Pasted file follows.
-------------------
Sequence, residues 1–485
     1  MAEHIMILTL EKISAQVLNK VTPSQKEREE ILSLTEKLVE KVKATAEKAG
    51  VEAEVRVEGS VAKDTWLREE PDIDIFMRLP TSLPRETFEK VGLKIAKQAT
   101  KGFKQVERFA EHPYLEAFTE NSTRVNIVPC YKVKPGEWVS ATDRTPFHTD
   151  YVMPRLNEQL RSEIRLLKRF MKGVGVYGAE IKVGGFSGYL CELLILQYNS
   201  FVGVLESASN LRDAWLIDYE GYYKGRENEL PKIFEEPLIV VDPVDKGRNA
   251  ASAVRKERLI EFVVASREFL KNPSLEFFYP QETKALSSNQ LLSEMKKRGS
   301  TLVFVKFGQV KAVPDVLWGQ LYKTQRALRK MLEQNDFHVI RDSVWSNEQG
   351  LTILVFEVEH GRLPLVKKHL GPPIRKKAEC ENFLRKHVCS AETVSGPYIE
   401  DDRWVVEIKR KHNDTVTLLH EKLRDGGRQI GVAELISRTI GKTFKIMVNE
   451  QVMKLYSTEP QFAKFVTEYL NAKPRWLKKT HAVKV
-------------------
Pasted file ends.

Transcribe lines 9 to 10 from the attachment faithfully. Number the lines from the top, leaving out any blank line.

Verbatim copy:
   351  LTILVFEVEH GRLPLVKKHL GPPIRKKAEC ENFLRKHVCS AETVSGPYIE
   401  DDRWVVEIKR KHNDTVTLLH EKLRDGGRQI GVAELISRTI GKTFKIMVNE